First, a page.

Wednesday December 6th


US futures point to lower open as market weakness worldwide weighs; data in focus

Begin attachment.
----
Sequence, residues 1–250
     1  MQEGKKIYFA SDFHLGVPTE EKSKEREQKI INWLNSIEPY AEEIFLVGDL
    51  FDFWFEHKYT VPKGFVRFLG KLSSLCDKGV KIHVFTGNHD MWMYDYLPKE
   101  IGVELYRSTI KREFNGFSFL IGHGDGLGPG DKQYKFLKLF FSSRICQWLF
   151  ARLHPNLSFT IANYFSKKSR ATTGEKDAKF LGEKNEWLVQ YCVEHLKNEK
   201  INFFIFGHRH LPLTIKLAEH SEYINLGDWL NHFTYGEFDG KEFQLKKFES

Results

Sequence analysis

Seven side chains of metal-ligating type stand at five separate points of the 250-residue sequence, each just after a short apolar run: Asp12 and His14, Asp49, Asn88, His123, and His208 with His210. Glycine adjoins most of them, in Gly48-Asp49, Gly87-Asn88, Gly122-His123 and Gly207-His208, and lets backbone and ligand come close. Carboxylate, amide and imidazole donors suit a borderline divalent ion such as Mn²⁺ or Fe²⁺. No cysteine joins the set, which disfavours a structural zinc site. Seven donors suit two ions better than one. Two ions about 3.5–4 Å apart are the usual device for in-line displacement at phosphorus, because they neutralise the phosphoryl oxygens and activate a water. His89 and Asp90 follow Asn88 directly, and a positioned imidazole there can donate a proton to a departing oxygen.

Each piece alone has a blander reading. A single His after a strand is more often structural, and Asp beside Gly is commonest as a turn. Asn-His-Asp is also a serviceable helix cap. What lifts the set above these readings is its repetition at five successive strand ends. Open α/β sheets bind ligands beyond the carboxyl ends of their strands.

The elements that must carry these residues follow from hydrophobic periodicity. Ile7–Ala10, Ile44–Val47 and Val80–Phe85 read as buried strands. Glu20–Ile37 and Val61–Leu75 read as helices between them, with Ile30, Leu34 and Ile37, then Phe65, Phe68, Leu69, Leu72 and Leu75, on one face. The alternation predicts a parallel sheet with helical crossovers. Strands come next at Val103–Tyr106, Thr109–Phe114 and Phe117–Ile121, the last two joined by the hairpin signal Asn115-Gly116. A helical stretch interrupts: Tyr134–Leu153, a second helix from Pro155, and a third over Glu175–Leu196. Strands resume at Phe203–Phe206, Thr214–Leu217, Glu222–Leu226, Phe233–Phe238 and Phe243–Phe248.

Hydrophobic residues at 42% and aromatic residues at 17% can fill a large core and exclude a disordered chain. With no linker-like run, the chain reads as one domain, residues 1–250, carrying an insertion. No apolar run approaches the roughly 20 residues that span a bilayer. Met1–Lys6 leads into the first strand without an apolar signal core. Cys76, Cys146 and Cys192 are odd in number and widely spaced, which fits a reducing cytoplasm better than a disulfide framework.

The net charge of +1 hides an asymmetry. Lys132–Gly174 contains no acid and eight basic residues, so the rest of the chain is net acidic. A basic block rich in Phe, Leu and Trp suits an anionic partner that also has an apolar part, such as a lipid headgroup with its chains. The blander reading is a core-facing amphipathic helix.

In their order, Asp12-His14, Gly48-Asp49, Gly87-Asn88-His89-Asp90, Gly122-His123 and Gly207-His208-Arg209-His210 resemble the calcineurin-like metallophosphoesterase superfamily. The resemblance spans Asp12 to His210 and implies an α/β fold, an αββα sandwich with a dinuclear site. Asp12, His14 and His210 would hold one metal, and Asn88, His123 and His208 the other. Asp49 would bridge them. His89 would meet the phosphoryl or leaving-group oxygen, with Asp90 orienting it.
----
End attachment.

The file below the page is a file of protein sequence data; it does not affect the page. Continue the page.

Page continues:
U.S. stocks futures pointed to a negative open on Wednesday, as investors awaited fresh data while taking note of the declines seen in markets overseas. Dow Jones industrial average futures fell 42 points, while S&P 500 and Nasdaq 100 futures declined 2.75 points and 20.25 points, respectively. In the previous session, U.S. equities finished in the red as the broader market failed to be boosted by an uptick in tech stocks. The S&P 500 also posted its first three-day losing streak since August. Consequently, the negativity seen on Wall Street weighed on stocks in Asia, which finished trade lower Wednesday. Europe stocks, meanwhile, were posting losses in early trade too. Japan's Nikkei 225 dropped 445.34 points, or 1.97 percent, to 22,177.04. The Topix index declined 25.55 points, or 1.43 percent, to 1,765.42. Reuters reported that the Nikkei had its biggest percentage drop since late march. Across the Korean Strait, the Kospi slipped 35.75 points, or 1.42 percent, to 2,474.37. In Hong Kong, the Hang Seng index fell 620.74 points, or 2.15 percent, to 28,222.06. Chinese mainland markets reversed some of their losses to close mixed. The Shanghai composite fell 9.54 points, or 0.29 percent, to 3,294.12 and the Shenzhen composite advanced 12.66 points, or 0.67 percent, to 1,879.65. Looking to today's session, on the data front, the ADP National Employment report showed private payrolls grew by 190,000 jobs last month, more than expected. Productivity and costs data are due at 8:30 a.m. ET. The figures come two days before the U.S. nonfarm payrolls data for November, due out on Friday. Aside from tax reform and ongoing rumblings surrounding the current U.S. administration's relationship with Russia, other news set to shake up sentiment Wednesday concerns Jerusalem. President Donald Trump is set to announce that the U.S. will recognize Jerusalem as Israel's capital, with senior administration officials saying the embassy will be moved there, yet noting that this could take "years". The move is controversial in the Middle East and has been criticized by Turkey, among others. Elsewhere, Bitcoin broke above the $12,000 mark during Wednesday morning in Asia for the first time, as the cryptocurrency continues its march upwards.  In commodities, oil prices fell Wednesday after news emerged that refined product inventories in the U.S. had increased. Brent crude futures were down 63 cents at $62.23 a barrel by 8:40 a.m. ET, after reaching a session high of $62.93, while U.S. crude futures dropped 74 cents to $56.88. Gold prices held above a two-month low on Wednesday, as a softer dollar stopped further losses on concerns over the progress of a U.S. tax reform plan and a potential government shutdown. Spot gold inched up 0.05 percent to $1,266.35 an ounce by 8:07 a.m. ET after it hit its lowest since Oct. 6 in the previous session. U.S. gold futures were up 0.35 percent at $1,269.20 an ounce.